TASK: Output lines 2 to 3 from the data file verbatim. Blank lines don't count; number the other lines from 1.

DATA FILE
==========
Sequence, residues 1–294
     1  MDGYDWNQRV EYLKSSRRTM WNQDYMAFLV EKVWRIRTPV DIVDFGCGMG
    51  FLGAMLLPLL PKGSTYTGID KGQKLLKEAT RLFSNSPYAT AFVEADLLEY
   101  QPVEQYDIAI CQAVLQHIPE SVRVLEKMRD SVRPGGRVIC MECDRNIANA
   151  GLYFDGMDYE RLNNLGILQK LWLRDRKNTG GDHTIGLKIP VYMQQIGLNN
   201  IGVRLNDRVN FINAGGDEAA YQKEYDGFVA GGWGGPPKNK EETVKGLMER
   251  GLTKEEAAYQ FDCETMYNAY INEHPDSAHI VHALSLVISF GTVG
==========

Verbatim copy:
     1  MDGYDWNQRV EYLKSSRRTM WNQDYMAFLV EKVWRIRTPV DIVDFGCGMG
    51  FLGAMLLPLL PKGSTYTGID KGQKLLKEAT RLFSNSPYAT AFVEADLLEY